An employment tribunal on Thursday found that a subsidiary of oil giant BP (BP.L) unfairly dismissed Calvey Taylor-Haw, an inventor who designed and built the first car charging ports in the UK.
Watford Employment Tribunal also ruled that Taylor-Haw had been promised by Chargemaster that he would be able to keep share options that are now valued at £1m ($1.2m).
Taylor-Haw lost the options when he left the company.
Former Chargemaster CEO David Martell had told the tribunal that Taylor-Haw had not raised the issue of keeping his share options until after the company was acquired by BP for £130m in July 2018, more than eight months after he was formally dismissed.
Noting that the share options were not “worthless” in October 2017 like Martell had claimed, employment judge Jack said they were important to Taylor-Haw as his pension pot.
“I find it unlikely that he wouldn’t have raised the issue regarding share options at the redundancy meeting,” the judge said in his ruling.
“I find as a matter of fact that during the redundancy meetings, the share options were discussed and that Mr Martell assured [Taylor-Haw] that he would still receive his options.”
If he had not been promised his share options, the judge ruled, he would have made “much more of a fuss about his dismissal.”
The judge also said in his ruling that lawyers acting for Chargemaster had made “grievous failures to disclose documents.”
The company had asserted that the inventor was dismissed from his role as director of partnerships partly because he had failed to meet sales targets, offering what the judge called “rather precise” revenue figures as evidence.
But Chargemaster did not present to the tribunal financial documents substantiating these figures, something the judge called “astonishing.”
Chargemaster lawyer Joseph Bryan told the judge that “a reasonable search” for the financial documents had been carried out, noting that in-house BP lawyers had instructed relevant parties not to destroy documents.
BP did not respond to a request for comment.
Taylor-Haw had told the tribunal on Thursday that the purported sales targets were only once communicated to him in a “flippant conversation” with his line manager, Mark Bonnor-Morris.
Asked by Bryan if he thought internal Chargemaster emails demonstrated that the targets were not “flippantly bandied about,” Taylor-Haw agreed that they may have been “carefully thought through.”
“And if they were put to me formally, I might have told them they were not achievable,” the inventor said.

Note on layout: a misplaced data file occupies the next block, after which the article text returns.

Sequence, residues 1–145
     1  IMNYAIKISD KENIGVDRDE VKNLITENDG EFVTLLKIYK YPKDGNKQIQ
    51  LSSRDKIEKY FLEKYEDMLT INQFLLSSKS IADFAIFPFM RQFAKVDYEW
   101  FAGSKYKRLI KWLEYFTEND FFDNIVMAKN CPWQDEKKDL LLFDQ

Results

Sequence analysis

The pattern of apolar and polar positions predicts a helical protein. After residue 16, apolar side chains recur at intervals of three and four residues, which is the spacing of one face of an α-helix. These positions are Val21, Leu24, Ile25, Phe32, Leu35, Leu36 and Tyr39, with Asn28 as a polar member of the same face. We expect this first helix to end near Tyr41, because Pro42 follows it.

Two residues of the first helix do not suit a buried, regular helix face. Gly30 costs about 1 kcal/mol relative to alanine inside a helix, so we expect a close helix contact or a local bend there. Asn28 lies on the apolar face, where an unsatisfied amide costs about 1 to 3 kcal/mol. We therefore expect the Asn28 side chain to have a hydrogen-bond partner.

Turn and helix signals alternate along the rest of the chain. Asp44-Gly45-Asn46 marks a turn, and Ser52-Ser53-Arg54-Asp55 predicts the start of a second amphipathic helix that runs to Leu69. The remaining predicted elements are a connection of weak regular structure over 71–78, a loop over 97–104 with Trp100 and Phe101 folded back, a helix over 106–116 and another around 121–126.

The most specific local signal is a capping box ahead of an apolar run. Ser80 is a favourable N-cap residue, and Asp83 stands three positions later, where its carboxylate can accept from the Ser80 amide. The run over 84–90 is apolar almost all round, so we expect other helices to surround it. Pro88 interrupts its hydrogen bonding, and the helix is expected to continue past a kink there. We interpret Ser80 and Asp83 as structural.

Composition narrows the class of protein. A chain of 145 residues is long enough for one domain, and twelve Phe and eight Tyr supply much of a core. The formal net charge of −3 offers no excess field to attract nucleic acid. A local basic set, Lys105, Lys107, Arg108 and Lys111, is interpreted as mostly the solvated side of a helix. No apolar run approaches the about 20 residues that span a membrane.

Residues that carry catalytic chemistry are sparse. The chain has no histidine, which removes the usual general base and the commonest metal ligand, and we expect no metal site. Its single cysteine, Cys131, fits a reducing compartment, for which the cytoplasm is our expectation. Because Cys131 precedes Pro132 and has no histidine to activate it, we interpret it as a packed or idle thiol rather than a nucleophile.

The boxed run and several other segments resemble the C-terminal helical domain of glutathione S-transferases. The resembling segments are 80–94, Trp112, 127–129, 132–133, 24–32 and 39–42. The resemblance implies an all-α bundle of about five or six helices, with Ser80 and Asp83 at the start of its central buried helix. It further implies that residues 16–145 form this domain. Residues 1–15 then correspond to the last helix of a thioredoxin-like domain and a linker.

Martell claimed at the hearing on Wednesday that the targets had been communicated to Taylor-Haw several times.
While Taylor-Haw said he had “no sight” of the revenue figures, he said he believed that the revenue from deals he had been involved in, such as one with Hitachi Capital, would have been more than Chargemaster had claimed.
No redundancy situation
That his role was at risk of redundancy was first mentioned to Taylor-Haw in August 2017, just five months after he had moved into the director of partnerships role.
Employment judge Jack ruled that Taylor-Haw, in that role, was performing work similar to that of other salespeople within the company, and that this type of work had not diminished at the firm.
“Accordingly, in my judgement, there was no redundancy situation,” the judge said.
He noted that the company sought to recruit another business development manager in November 2017, weeks after Taylor-Haw was formally told he was being made redundant.
He therefore ruled that Taylor-Haw had been unfairly dismissed from the company, and adjourned the case until 29 October, when remedies for Taylor-Haw will be decided.
Taylor-Haw claims he is owed £1m, based on the current value of the share options.
“I am delighted the employment tribunal found I was unfairly dismissed by Chargemaster,” Taylor-Haw said in a statement following the ruling.
“My next step is to pursue a claim in the High Court for my valuable share options.”
Ostracised from the company
Taylor-Haw, whose company Elektromotive was acquired by Chargemaster in 2017, had alleged that he had been set up to fail in the role as part of a “purported redundancy situation.”
The inventor told the tribunal on Thursday that he had been “ostracised” from the company, “humiliated” and “quite blatantly moved sideways.”
“I was more or less told not to attend the office,” Taylor-Haw said.
And while he wanted a title that included the words “business development”, he was instead given the director of partnerships role, he said.
“It was my Bernie Ecclestone moment — I was given a title and no-one knows what it means.”
He said that, if he had seemed “enthusiastic” about the role like Martell had claimed, it was because he “always looks on the bright side and grasps tasks with vigour.”
“I had been told to reinvent myself and to create a role for myself,” he said.